DMSO should be avoided, especially with peptide trifluoroacetates.

How to dissolve peptides containing disulfide bridges?

Basic buffers should be avoided.

How to dissolve β-amyloid fragments (up to Aβ 1-40)?

β-Amyloid peptides will form insoluble aggregates during storage.
“Fresh” lyophilizates of Aβ (25-35) and (1-40) are still soluble in water (oxygen-free water has to be used), the “aged” peptides may require the addition of acetic acid for dissolution.
Direct dissolution of amyloid peptides in buffers as PBS should not be attempted, better dissolve them first in water or 50% acetic acid and then dilute with the working buffer.
Please see also our Technical Note “Care and Handling of Amyloid Peptides”, which can be downloaded from our website.

How to dissolve amyloid β protein (1-42) (Aβ 1-42)?

Aβ (1-42), its mutants, and longer amyloid fragments will form insoluble aggregates during storage.  Aβ (1-42) is soluble in hexafluoroisopropanol (HFIP), DMSO, or bases as 0.1% aqueous ammonia, 50 mM TRIS ∙ HCl, or 1mM NaOH, which all revert aggregation. Reconstitution in HFIP or DMSO takes time whereas ammonia rapidly dissolves the peptide.
Aβ (1-42) solutions in DMSO or aqueous bases can be diluted directly with working buffer. The volatile solvent HFIP is usually evaporated leaving a residue of monomeric, soluble Aβ (1-42), which can be reconstituted with the chosen buffer pH 7.4 as to induce fibrillation.

How should peptides be stored?

For long-term storage the peptide should be kept in solid form in the deep freezer at < -15 °C. For short-time storage a refrigerator (+4 °C) will suffice.

Peptides should be protected from intense sunlight.


Peptides containing fluorophores should be kept in the dark.

How long can I store peptides in solid form (as lyophilizate)?

The shelf stability of peptides is sequence-dependent. A few amino acids and partial sequences may react, even at low temperatures, e.g. Cys, Met, and Trp can be oxidized, -Asn-Gly- and -Asn-Ser- form aspartimide yielding further cleavage products.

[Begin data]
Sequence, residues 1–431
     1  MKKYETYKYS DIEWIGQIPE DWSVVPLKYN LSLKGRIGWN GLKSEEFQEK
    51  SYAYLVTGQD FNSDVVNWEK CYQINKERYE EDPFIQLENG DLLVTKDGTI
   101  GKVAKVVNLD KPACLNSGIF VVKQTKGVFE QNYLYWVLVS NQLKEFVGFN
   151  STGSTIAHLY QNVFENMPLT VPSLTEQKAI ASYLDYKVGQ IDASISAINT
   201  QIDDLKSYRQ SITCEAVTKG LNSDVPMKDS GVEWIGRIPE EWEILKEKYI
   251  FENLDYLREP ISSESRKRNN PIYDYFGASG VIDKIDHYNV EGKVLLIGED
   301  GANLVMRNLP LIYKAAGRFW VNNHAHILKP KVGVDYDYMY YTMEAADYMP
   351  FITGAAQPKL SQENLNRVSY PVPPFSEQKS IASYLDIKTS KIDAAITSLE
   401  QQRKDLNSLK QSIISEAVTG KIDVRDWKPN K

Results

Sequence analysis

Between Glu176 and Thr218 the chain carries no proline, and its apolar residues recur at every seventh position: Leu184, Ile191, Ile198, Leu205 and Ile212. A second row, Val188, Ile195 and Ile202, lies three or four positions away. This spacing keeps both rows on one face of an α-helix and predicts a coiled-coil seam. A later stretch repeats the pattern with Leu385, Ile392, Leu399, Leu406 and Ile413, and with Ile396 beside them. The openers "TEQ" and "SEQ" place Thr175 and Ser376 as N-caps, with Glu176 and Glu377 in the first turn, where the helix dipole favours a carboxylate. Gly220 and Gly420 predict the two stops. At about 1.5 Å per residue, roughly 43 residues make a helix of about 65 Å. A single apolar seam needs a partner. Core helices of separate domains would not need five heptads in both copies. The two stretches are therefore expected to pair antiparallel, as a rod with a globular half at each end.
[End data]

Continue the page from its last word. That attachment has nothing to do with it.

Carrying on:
Lyophilizates contain water, which may be involved in degradation reactions during storage. Peptides containing Asn, Gln, Cys, Met, Trp tend to be less stable. Moreover, the salt form affects stability.

The stability may range from few months to years, if the peptide is kept in a tightly closeed vessel at <-15°C.

How long can I store peptide solutions?

Dissolved peptides are less stable than the lyophilizates. The solutions are best aliquoted before freezing to avoid thawing-refreezing cycles stressing the peptide. Solution stability depends on the type of solvent and the pH (pH 5-7 is considered as optimum). Peptides containing Asn, Gln, Cys, Met, Trp, Tyr tend to be less stable. Stock solutions of peptide substrates are best prepared in dry organic solvents to avoid premature hydrolysis.

The stability of the aliquots may range from weeks to months.

What may happen during storage?

Typical degradation reactions are:
Oxidation of Met yielding the sulfoxide
Oxidation of Trp and Tyr
Oxidation of Cys to cysteic acid
Deamidation of Asn, Gln, and the C-terminal amide
Aspartimide formation
Cleavage of Asn-Pro
Pyroglutamine formation of N-terminal Gln
(Cyclization of N-terminal Glu has only rarely been observed)
Dimerization of Trp and Tyr

The peptide I’ve dissolved is rapidly losing its activity. Why? Can I prevent it?

There could be many reasons for loss of activity, though oxidation of Met yielding the sulfoxide is a common one. The rate of sulfoxide formation is sequence-dependent. The problem can be circumvented by replacing Met with its stable isostere Nle. Bachem offers Nle analogs of a number of Met-containing peptides. If the Nle peptide you require is not available, please ask for a quote.
Sulfotyrosine-containing peptides may loose their activity due to desulfation, Gla-containg peptides can decarboxylate.

Why do you recommend the solvent mentioned on the ADS?

The mentioned solvent has been used for analyzing the peptide.
Only solvents, which rapidly dissolve the peptide in the required concentration without damaging the compound, are suitable for analytical purposes. Volatility or high UV-transmission can be additional criteria. This excludes e.g. the use of DMSO.

What is the difference between Aβ 1-42 H-1368 and H-6466?

H-1368 and H-6466 do not differ in solubility, but the hydrochloride fibrillates more readily than the inner salt H-1368.